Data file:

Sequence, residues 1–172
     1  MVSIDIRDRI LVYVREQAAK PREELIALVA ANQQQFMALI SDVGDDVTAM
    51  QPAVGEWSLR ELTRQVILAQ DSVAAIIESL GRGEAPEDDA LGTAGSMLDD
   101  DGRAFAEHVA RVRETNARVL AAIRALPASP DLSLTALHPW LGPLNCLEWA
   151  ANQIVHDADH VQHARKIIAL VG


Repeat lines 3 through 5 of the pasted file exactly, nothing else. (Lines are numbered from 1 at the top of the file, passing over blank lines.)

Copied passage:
    51  QPAVGEWSLR ELTRQVILAQ DSVAAIIESL GRGEAPEDDA LGTAGSMLDD
   101  DGRAFAEHVA RVRETNARVL AAIRALPASP DLSLTALHPW LGPLNCLEWA
   151  ANQIVHDADH VQHARKIIAL VG